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Why is this proof wrong

  1. May 13, 2009 #1
    Another one of those 0 = 1 proofs.

    If you dislike them, please navigate away to cats doing things with captions. Otherwise stay tuned.

    Tell me what's wrong (obviously I know what's wrong but I just want to put it out there for people to mull over).

    Note, you need to know basic calculus.

    [tex]

    \int \frac{1}{x} dx = \int \frac{1}{x} dx
    [/tex]

    [tex]
    u = \frac{1}{x}
    [/tex]

    [tex]
    dv = dx
    [/tex]

    [tex]
    du = \frac{-1}{x^2} dx
    [/tex]

    [tex]
    v = x
    [/tex]

    [tex]
    \int \frac{1}{x} dx = u * v - \int v du
    [/tex]

    [tex]
    \int \frac{1}{x} dx = \frac{1}{x} * x - \int x * \frac{-1}{x^2} dx
    [/tex]

    [tex]
    \int \frac{1}{x} dx = 1 - \int \frac{-1}{x} dx
    [/tex]

    [tex]
    \int \frac{1}{x} dx = 1 + \int \frac{1}{x} dx
    [/tex]

    [tex]
    0 = 1
    [/tex]
     
    Last edited: May 13, 2009
  2. jcsd
  3. May 13, 2009 #2

    Pengwuino

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    Gold Member

    Right off the bat, [tex]u = \frac{{dv}}{x} = dx[/tex] makes no sense. The second line makes no sense either.... am i completely missing something?
     
  4. May 13, 2009 #3
    Sorry those are supposed to be separate. I will edit that in.

    This is what it should look like

    [tex]
    u = \frac{1}{x}
    [/tex]

    [tex]
    dv = dx
    [/tex]

    I have also added an extra step just to show that I am going to be using integration by parts to do the "proof"
     
  5. May 13, 2009 #4

    Pengwuino

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    Gold Member

    [tex]\int \frac{1}{x} dx = 1 - \int \frac{-1}{x} dx[/tex] isn't valid. Integration by part goes like:

    [tex]\int\limits_a^b {udv} = [uv]_a^b - \int\limits_a^b {vdu} [/tex]

    The term you think is 1 is actually 0.
     
  6. May 14, 2009 #5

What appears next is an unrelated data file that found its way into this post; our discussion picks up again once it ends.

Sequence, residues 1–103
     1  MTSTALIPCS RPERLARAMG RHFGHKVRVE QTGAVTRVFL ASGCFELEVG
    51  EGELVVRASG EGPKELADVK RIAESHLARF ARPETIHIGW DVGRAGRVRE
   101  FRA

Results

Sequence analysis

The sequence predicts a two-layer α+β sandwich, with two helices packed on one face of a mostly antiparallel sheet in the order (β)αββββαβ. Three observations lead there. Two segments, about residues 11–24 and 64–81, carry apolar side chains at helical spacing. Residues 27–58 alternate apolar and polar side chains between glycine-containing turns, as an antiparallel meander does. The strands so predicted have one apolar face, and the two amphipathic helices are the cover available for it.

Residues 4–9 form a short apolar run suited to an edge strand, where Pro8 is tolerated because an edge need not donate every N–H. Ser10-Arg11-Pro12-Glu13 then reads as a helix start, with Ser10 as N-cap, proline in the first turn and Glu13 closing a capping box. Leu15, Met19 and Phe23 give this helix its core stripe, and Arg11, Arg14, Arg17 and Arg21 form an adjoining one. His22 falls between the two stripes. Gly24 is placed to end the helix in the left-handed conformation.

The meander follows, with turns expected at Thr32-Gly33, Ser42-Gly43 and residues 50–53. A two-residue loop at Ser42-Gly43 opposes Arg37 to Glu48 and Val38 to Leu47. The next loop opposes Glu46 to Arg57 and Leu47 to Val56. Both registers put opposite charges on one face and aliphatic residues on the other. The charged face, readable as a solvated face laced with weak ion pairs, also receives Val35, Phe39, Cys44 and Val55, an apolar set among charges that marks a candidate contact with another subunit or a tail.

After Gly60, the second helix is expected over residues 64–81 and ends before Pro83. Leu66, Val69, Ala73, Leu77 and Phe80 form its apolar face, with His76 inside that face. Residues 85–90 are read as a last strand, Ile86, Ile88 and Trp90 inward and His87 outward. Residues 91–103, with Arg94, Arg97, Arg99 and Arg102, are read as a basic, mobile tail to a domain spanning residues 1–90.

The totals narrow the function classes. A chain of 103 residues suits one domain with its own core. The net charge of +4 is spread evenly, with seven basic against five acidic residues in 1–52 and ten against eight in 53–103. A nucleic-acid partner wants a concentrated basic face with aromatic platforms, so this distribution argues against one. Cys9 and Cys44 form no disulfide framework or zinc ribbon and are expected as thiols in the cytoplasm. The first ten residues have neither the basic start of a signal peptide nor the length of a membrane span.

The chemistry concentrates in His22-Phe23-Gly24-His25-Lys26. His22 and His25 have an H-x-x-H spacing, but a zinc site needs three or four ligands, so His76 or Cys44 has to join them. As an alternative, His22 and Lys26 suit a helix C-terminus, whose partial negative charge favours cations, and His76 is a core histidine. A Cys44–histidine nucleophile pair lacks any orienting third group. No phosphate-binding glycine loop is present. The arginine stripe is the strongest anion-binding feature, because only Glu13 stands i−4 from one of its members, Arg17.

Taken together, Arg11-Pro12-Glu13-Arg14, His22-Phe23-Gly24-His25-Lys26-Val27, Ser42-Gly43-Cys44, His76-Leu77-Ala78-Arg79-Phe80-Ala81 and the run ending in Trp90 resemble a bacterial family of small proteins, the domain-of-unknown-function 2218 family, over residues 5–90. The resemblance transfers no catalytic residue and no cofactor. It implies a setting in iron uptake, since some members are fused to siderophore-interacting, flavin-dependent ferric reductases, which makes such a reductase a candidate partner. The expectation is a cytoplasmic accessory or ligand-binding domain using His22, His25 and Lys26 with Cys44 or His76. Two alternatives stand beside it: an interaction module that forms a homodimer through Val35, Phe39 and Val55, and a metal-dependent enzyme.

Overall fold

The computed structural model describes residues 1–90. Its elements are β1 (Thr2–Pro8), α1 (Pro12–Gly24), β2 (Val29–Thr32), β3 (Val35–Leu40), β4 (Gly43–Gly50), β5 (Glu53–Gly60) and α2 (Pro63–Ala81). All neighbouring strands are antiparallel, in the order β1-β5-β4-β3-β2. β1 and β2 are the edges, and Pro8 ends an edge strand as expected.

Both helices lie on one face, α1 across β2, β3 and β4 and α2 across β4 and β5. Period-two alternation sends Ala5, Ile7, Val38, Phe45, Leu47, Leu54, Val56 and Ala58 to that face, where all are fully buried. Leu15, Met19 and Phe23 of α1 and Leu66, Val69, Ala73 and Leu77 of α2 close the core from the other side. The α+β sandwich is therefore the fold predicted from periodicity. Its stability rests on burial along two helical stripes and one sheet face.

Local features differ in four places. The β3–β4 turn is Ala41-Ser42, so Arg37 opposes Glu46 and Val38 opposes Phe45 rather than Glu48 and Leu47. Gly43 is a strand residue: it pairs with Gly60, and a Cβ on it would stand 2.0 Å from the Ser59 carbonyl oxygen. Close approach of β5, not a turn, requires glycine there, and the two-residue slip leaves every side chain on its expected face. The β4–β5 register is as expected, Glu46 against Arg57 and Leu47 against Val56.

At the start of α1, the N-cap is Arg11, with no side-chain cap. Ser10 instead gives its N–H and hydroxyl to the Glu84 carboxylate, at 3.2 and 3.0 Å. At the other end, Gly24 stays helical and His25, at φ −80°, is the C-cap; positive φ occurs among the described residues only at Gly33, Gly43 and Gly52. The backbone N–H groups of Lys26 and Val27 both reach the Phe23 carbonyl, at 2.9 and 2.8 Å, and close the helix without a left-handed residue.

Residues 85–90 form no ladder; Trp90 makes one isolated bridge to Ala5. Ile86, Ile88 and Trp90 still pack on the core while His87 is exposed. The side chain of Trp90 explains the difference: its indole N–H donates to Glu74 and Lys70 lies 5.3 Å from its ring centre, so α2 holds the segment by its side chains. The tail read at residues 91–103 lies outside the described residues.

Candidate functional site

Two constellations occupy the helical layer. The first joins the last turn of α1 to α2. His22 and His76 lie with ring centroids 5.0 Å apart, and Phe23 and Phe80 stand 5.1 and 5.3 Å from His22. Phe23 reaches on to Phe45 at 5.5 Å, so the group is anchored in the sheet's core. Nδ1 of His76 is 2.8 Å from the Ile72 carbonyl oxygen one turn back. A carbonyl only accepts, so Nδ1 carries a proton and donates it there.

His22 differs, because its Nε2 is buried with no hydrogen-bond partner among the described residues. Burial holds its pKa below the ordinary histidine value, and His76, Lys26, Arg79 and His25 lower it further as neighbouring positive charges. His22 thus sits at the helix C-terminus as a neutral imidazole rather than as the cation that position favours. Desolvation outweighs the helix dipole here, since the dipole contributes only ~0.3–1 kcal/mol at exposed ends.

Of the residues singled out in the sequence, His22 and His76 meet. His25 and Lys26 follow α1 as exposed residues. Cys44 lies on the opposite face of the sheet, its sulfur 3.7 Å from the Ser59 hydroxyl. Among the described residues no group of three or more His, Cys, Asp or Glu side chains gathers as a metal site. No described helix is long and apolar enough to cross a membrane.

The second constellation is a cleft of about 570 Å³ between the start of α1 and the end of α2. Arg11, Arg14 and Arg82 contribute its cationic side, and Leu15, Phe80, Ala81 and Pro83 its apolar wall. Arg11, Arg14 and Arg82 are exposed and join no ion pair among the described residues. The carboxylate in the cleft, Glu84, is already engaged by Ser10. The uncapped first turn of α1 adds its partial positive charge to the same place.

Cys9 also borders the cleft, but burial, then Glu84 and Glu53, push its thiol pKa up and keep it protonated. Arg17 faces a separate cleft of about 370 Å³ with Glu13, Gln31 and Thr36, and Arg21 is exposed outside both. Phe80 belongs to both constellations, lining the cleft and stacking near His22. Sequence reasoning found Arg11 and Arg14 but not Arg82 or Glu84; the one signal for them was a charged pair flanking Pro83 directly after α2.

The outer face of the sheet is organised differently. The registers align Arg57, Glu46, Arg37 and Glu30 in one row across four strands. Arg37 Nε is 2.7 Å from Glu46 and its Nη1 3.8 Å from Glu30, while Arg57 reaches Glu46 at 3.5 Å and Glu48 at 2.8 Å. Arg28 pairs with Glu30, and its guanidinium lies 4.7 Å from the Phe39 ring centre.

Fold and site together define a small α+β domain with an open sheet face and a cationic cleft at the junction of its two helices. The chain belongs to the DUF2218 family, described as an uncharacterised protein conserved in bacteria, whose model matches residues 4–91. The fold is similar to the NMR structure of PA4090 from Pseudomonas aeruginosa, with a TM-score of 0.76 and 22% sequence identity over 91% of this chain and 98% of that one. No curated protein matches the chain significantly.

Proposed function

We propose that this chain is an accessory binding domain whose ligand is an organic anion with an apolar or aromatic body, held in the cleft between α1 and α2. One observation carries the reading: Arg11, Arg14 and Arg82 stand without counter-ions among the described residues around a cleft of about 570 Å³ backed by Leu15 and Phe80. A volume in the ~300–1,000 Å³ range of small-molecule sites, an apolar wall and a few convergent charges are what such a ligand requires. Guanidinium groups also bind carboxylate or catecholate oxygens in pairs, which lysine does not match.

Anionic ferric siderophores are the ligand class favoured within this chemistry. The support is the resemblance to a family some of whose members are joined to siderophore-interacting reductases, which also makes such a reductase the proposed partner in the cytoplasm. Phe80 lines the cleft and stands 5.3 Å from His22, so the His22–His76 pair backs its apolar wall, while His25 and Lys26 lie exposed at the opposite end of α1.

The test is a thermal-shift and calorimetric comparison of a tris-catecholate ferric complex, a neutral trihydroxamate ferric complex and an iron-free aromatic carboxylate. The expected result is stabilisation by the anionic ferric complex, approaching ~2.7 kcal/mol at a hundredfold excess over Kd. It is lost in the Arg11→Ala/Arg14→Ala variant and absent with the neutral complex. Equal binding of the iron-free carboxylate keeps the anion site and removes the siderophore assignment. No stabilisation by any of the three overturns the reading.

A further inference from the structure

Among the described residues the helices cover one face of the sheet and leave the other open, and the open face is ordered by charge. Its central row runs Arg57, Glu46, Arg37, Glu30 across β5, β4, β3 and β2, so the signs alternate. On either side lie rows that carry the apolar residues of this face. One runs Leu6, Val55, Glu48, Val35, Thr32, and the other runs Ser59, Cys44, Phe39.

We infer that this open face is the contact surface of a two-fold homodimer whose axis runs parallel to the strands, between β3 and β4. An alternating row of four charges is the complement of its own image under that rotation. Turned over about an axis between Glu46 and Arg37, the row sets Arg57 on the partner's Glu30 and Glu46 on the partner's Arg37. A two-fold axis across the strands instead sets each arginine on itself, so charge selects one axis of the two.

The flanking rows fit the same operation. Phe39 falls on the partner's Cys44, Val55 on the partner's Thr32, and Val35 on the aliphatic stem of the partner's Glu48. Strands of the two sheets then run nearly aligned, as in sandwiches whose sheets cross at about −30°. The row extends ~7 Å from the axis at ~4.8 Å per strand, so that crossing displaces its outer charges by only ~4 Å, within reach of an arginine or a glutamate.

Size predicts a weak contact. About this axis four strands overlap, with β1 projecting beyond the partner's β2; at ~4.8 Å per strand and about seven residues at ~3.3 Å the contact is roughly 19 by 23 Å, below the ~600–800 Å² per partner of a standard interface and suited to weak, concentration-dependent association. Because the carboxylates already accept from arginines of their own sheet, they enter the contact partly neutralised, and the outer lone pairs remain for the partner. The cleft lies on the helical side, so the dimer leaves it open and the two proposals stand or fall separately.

We are dealing with antiderivatives. So, given F(x) and G(x) that are antiderivatives of 1/x, it is true that F(x) = G(x) + C, for some constant C. For example, the second to last line you have can be written as

    ln(x) + C = 1 + ln(x) + D for some constants C, and D. We do not then conclude that 0 = 1.

    The integral of 1/x dx is a FAMILY of functions that all differ by a constant.
     
  7. May 14, 2009 #6

    neu

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    I only got to the end of the second sentence
     
  8. May 14, 2009 #7

    D H

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    Staff Emeritus
    Science Advisor

    Russell has the right answer. To be strictly correct, the rule for integration by parts is better written as

    [tex]\int u dv = u*v - \int v du + C[/tex]

    We drop the arbitrary constant because it is implied by the very use of indefinite integrals, or antiderivatives. The inverse of the derivative is not unique.
     
  9. May 14, 2009 #8
    Russell and D_H are correct, the constant term is missing. Gj guys :)
     
  10. May 16, 2009 #9

    gel

    User Avatar

    and Pengwuino too. You either put in constants of integration, or use definite integrals. Either way resolves the error.
     
  11. May 16, 2009 #10
    Right, but since I defined the problem in the start as indefinite integrals, I was looking for the answer that was related to indefinite integrals. Anyways. It's just a simple problem
     
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